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Published: 15 March 2013

Teenagers. Naturally rebellious or just out of sync?

Everyone knows that teenagers don’t get enough sleep. Fact is, they can’t help it...

Prolonged sleep deprivation can have a negative impact on how well we function by day, affecting concentration, memory and mood. It seems that teenagers can suffer more than most and, unsurprisingly, that’s mostly down to hormones – but putting the clocks forward in March simply makes matters worse.

“Other research has shown that during adolescence teenagers experience a shift in their circadian rhythm which causes sleep promoting hormones to be produced later into the night,” explains researcher Joanne Bower. “This means that teenagers are awake later in the evening, and find it difficult to rise early in the morning. The need to get up for school and other activities means that they have less time for sleep, and this can lead to persistent sleep deprivation. Losing an extra hour may mean that teenagers suffer more than most from the clock change.”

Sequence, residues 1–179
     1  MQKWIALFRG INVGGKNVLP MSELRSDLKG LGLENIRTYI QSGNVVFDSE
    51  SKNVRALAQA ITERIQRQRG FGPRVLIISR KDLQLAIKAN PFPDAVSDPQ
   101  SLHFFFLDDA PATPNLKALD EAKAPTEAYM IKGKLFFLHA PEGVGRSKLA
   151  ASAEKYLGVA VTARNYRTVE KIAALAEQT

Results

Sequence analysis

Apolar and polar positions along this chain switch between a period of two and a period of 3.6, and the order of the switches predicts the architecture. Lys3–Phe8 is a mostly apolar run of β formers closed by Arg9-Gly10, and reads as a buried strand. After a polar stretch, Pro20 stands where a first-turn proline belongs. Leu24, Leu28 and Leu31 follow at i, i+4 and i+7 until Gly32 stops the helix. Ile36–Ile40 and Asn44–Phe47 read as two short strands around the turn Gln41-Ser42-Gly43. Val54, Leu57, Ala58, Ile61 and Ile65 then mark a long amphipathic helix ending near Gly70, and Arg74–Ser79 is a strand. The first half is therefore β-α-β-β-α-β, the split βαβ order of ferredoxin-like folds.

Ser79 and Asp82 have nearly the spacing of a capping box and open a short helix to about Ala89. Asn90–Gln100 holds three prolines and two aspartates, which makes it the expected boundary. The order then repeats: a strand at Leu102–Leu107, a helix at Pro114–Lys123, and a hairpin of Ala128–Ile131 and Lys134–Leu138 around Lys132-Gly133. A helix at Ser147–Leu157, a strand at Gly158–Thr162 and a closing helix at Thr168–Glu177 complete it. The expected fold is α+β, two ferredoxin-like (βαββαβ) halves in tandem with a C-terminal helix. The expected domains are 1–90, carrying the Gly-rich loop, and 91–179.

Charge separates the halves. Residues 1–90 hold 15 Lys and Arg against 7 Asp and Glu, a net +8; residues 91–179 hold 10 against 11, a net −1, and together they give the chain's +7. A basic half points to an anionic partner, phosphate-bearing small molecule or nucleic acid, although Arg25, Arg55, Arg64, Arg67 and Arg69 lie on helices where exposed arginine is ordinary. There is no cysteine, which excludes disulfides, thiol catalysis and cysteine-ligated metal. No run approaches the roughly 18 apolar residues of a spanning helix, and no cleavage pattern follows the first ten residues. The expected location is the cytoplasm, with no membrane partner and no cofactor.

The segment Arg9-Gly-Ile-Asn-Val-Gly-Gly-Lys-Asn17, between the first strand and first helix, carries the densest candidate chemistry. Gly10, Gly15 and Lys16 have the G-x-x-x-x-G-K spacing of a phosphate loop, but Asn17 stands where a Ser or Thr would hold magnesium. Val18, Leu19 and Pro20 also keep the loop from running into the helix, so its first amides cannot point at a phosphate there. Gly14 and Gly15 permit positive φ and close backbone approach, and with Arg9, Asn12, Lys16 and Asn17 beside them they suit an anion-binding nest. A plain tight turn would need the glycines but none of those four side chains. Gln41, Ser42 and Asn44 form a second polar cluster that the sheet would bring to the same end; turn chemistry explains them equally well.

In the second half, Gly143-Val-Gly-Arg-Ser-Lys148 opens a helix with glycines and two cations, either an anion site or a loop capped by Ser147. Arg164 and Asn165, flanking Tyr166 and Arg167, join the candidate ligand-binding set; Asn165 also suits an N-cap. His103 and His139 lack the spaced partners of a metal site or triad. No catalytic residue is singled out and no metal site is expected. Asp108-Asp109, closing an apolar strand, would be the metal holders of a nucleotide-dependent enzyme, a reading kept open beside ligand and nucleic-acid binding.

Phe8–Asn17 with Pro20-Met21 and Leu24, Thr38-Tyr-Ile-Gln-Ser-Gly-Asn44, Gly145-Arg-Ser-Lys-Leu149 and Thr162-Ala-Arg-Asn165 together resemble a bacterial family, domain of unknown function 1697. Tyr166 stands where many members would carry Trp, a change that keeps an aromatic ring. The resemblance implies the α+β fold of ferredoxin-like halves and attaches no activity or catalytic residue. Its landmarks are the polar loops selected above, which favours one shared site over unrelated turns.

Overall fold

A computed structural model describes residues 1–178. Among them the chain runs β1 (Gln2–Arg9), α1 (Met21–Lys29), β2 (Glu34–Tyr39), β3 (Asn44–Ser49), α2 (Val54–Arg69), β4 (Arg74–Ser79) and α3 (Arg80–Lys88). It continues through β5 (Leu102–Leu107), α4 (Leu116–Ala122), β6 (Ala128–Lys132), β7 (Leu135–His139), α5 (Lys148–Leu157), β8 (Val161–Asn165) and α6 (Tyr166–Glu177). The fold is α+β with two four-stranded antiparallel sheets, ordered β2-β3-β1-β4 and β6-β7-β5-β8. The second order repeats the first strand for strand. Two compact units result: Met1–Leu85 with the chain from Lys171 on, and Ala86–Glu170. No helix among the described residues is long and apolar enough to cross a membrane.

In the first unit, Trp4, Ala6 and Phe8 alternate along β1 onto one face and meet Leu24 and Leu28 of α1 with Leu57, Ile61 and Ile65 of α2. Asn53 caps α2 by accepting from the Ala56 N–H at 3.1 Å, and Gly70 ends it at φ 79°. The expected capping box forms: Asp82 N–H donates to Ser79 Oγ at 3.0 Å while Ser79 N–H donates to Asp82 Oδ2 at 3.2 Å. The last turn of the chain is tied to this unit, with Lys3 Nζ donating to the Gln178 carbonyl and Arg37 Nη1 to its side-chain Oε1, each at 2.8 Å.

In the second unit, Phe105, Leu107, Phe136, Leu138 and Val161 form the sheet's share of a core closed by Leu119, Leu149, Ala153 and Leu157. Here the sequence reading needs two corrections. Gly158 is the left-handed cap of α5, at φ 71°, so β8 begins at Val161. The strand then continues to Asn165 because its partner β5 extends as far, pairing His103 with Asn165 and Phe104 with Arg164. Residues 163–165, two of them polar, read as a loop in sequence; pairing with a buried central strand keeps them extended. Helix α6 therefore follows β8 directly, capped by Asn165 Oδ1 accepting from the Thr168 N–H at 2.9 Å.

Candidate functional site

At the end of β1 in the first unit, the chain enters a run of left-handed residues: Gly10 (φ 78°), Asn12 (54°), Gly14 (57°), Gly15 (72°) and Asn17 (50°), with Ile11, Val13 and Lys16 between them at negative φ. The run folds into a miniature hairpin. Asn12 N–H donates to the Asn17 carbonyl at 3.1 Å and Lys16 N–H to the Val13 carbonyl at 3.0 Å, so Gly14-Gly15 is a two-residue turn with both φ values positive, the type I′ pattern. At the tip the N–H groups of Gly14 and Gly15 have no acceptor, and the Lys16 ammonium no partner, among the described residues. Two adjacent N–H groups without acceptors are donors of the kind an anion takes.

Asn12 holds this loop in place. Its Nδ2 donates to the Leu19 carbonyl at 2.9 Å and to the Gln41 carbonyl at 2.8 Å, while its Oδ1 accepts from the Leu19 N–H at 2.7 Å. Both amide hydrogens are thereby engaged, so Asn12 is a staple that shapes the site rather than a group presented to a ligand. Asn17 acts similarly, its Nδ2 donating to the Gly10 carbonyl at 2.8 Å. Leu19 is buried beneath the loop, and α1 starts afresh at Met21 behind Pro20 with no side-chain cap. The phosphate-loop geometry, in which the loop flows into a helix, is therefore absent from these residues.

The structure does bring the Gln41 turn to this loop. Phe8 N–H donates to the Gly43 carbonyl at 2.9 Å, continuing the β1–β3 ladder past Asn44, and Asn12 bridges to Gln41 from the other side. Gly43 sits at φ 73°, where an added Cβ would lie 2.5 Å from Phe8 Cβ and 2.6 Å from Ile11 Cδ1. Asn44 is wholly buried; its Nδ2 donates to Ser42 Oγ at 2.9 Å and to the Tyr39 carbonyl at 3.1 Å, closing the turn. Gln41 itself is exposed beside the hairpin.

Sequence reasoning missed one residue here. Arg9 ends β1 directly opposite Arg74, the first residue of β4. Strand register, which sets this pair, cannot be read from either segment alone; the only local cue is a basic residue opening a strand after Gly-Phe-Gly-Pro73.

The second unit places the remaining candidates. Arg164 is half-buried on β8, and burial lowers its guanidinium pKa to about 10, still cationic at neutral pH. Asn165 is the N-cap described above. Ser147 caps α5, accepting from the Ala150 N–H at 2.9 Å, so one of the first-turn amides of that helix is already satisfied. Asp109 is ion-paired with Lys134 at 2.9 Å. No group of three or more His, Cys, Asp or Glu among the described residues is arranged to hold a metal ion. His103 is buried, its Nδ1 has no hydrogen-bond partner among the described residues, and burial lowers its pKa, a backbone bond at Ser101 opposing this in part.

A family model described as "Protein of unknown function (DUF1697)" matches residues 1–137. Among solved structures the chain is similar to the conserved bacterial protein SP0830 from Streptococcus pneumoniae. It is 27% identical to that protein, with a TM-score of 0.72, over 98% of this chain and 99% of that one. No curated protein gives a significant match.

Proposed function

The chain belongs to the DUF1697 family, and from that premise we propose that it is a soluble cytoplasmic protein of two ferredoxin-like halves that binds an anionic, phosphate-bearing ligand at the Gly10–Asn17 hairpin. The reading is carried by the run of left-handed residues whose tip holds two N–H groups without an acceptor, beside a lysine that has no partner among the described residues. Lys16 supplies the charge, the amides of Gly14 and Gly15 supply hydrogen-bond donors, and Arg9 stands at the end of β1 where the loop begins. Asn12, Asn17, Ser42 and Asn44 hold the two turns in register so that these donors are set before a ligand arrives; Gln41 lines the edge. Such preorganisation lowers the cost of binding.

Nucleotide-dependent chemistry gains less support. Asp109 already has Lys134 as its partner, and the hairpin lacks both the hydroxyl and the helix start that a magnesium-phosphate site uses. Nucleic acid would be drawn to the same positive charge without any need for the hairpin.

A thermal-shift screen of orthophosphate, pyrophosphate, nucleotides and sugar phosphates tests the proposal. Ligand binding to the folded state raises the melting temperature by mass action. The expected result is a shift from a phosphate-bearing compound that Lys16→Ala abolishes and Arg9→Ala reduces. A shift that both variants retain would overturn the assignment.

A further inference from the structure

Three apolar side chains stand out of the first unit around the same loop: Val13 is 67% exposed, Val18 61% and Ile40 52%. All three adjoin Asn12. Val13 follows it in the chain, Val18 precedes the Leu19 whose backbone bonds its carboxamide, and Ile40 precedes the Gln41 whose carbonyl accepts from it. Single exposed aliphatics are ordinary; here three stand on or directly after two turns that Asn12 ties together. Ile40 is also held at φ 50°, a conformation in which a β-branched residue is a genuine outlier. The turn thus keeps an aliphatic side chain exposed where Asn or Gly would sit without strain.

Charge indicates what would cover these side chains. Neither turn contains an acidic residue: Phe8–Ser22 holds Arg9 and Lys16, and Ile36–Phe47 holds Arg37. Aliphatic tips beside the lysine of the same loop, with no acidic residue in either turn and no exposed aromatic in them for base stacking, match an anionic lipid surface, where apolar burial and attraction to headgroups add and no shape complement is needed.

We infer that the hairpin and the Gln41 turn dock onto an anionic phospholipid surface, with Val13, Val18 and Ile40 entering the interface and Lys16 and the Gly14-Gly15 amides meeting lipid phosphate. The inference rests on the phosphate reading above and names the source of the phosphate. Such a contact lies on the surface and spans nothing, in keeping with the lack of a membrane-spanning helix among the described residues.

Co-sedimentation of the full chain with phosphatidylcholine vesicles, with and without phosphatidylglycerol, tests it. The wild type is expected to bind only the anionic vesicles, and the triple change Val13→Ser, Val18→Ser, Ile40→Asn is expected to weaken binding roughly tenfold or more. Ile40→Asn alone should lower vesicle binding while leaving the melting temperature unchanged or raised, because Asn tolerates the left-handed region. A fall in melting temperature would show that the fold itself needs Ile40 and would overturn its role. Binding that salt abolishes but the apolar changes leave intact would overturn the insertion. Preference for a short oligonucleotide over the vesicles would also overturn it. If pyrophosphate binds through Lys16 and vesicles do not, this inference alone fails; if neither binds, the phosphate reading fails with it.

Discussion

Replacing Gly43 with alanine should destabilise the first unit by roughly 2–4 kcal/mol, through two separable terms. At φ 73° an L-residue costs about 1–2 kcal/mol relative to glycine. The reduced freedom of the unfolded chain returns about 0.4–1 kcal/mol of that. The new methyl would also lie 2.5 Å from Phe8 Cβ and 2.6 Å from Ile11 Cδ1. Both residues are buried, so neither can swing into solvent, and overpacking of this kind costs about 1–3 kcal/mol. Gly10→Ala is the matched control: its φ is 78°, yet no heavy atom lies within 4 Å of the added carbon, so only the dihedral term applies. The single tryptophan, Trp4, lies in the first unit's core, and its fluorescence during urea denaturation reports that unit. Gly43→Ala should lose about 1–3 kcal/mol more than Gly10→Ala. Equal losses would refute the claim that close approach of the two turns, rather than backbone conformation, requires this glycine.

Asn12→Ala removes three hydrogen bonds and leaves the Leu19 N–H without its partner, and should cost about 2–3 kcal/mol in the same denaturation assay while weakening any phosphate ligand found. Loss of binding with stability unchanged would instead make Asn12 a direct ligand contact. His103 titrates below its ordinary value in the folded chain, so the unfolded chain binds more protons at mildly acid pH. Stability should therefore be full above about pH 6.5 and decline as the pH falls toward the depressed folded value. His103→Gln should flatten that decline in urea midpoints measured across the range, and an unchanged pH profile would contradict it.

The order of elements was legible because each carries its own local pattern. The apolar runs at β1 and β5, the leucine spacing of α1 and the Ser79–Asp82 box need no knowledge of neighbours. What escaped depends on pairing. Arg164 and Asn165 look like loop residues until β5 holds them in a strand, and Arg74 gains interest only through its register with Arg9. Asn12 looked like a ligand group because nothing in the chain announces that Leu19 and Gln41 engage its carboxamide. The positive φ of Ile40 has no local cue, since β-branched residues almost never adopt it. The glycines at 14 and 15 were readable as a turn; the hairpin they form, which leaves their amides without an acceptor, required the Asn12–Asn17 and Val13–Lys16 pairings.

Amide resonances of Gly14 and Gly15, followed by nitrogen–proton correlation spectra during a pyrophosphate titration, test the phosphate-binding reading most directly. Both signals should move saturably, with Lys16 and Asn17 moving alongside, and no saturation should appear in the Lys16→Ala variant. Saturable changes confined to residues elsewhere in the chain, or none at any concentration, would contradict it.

Researchers from the University’s Sleep Research Centre wanted to establish the scale of sleep deprivation among teenagers and how much impact the clock change in the UK has on their alertness.

In March 2012, they ran a variety of attention and reaction tests with a group of 16 year-old sixth form students at the Claremont Fan Court School in Esher, Surrey. The study was funded by the Royal Society which promotes science to schools and the wider public.

For two weeks, the male and female participants were asked to wear an Actiwatch to track their sleep patterns and movement 24 hours a day. Sleeping patterns were measured in the week up to the clock change and the teenagers’ reaction times were tested using a machine similar to those used to test pilots’ alertness relative to their shift patterns. The same tests were taken for the week after the clock change and compared with the first week’s results.

Even before the clocks changed, the teenagers were already sleep deprived – getting an average of less than seven hours sleep a night.

To find out more, watch our video about Sleep/Wake Research at Surrey Clinical Research Centre.

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